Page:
The Trump administration said it will admit no more than 30,000 refugees next year, the lowest cap in history, making good on a presidential promise and enraging immigrant rights activists, who said the U.S. is shirking its global duty.
Secretary of State Mike Pompeo cast the level — one-third lower than the 2018 ceiling — as a needed pause while the country gains a handle on security risks and deals with some 800,000 people already in the U.S. with pending asylum cases.
“The ultimate goal is the best possible care and safety of these people in need, and our approach is designed to achieve this noble objective,” Mr. Pompeo said.
The 30,000 level is only a ceiling, and the actual number could go even lower. Indeed, this year’s cap is 45,000, but with just weeks to go before the end of the fiscal year, the government is on pace to accept less than half that number.
Critics including refugee advocates and congressional Democrats have called this year’s pace abominable and were dismayed with next year’s number. They said it’s a major retreat from the Obama era, when the State Department set a 110,000 ceiling for the final year.
“Quite simply, this decision will lead to innocent people dying,” said Rep. Eliot L. Engel of New York, the top Democrat on the House Foreign Affairs Committee. He described the decision as “a heartless betrayal of American values.”
Activists said the decision is particularly troubling given the scope of international need. The United Nations categorizes more than 25 million people as refugees.
“This decision is not informed by the global need, nor by America’s national security and foreign policy priorities. And it will not only harm refugees, whose lives are at risk, but also America’s interests abroad and at home,” said Betsy Fisher, policy director at the International Refugee Assistance Project.
Accepting refugees has been deeply controversial in the U.S. President Obama’s move to raise the cap in his final years drew a feverish backlash from security analysts and was part of the impetus for President Trump’s campaign promise of a travel ban.
American officials say criticism of the U.S. is based in part on a game of semantics.
Other countries term all foreigners seeking humanitarian protections to be refugees, but the U.S. breaks them down into two categories. Refugees are those who apply from outside the U.S., and asylum-seekers are refugees who manage to reach American soil and then apply.
When viewed that way, the U.S. will accept 280,000 asylum-seekers next year in addition to the 30,000 refugees, Mr. Pompeo said.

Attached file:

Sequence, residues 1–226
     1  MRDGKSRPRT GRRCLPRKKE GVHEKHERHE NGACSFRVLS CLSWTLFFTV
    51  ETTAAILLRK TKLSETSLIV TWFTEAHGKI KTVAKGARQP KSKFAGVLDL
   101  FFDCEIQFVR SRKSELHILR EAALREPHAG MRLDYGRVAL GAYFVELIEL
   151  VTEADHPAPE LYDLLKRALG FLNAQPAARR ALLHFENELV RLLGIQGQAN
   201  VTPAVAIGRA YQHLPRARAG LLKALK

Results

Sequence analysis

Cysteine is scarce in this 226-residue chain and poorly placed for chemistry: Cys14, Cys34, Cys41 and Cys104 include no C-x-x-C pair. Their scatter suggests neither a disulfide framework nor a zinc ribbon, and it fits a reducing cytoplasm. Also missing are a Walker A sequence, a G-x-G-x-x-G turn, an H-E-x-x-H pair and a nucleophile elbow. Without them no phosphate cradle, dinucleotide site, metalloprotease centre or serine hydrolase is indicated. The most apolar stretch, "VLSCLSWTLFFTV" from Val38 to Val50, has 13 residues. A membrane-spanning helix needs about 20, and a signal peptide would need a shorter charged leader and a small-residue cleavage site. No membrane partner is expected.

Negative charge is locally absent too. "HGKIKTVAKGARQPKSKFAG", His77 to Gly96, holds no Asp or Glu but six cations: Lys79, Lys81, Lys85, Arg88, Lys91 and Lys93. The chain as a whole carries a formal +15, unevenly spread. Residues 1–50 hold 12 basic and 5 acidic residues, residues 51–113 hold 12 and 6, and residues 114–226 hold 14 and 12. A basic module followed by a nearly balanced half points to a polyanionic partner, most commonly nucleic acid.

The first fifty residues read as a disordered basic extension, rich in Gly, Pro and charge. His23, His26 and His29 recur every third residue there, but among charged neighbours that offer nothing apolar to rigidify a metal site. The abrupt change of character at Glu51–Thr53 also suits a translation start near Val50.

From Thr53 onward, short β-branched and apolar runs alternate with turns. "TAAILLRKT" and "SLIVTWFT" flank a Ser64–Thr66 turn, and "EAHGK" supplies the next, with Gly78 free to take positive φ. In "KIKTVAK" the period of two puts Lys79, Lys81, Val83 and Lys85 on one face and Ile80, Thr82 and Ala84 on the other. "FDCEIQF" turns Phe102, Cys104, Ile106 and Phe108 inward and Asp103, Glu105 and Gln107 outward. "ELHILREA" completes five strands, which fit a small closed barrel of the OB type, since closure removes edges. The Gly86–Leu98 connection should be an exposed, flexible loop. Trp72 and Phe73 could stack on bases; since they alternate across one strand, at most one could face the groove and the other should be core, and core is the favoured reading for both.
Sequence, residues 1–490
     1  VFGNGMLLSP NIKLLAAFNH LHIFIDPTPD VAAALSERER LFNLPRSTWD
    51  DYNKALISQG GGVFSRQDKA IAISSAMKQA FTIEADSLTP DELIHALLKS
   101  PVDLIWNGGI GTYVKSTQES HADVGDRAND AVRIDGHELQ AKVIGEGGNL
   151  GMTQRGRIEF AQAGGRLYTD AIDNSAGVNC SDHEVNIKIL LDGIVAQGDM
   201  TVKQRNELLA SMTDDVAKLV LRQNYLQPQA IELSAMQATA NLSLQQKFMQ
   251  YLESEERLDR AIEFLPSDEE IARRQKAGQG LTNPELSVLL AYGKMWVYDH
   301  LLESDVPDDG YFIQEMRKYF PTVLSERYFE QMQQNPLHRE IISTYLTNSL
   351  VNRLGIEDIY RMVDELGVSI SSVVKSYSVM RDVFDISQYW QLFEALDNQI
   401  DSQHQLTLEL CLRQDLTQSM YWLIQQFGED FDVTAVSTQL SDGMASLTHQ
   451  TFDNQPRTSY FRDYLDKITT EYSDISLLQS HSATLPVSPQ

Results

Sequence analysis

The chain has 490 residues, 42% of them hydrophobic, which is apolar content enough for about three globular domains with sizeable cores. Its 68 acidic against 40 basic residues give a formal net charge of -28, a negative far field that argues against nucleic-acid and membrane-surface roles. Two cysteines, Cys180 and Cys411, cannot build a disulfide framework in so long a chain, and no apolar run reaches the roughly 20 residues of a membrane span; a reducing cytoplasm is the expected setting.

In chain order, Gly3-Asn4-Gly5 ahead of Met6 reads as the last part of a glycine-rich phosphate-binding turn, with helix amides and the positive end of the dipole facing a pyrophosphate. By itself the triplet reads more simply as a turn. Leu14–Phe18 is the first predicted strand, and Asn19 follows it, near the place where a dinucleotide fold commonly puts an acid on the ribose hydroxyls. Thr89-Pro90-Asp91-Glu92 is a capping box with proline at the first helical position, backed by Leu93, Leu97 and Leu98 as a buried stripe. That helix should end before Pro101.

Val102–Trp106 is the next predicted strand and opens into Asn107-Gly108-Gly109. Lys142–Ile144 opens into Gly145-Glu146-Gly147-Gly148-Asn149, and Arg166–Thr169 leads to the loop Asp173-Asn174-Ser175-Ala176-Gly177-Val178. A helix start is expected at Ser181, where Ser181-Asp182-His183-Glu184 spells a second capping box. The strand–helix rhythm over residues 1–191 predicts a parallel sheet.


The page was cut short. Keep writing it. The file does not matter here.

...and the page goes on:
He said the U.S. is already struggling with 800,000 asylum petitions pending in the system. The backlog was built up as a surge of people from Central America lodged asylum claims. In previous years, they would have been classified as illegal immigrants and quickly deported.
When refugees and asylum-seekers are counted together, Mr. Pompeo said, the U.S. is “the most generous nation in the world.” He said hundreds of thousands of people granted Temporary Protected Status while their countries recover from earthquakes, hurricanes, war or disease should be counted as part of America’s humanitarian efforts.
“Some will characterize the refugee ceiling as the sole barometer of America’s commitment to vulnerable people around the world. This would be wrong,” he said.
The refugee program came under intense scrutiny in the final years of the last administration, particularly after Mr. Obama said the U.S. would start taking more people from Syria amid that country’s civil war and threats from the Islamic State.
Defenders of refugees say they are the most vetted of any foreigners the U.S. admits.
But security analysts said there was no way to be sure of the identity of people attempting to enter from places such as Syria, where the U.S. didn’t get cooperation from the government and where the chaos made it impossible to check back stories.
In Mr. Obama’s final full year overseeing refugees, the U.S. took in more than 12,000 from Syria and nearly 10,000 more from Iraq.
In the current fiscal year, the U.S. has admitted just 60 from Syria and 132 from Iraq.
Mr. Pompeo, in announcing the lower refugee numbers Monday, pointed to security concerns.
He said one person with ties to the Islamic State managed to sneak in as a refugee from Iraq. Other refugees have managed to conceal criminal backgrounds in their refugee cases, he said.
“The American people must have complete confidence that everyone granted resettlement in our country is thoroughly vetted. The security checks take time, but they’re critical,” the secretary said.
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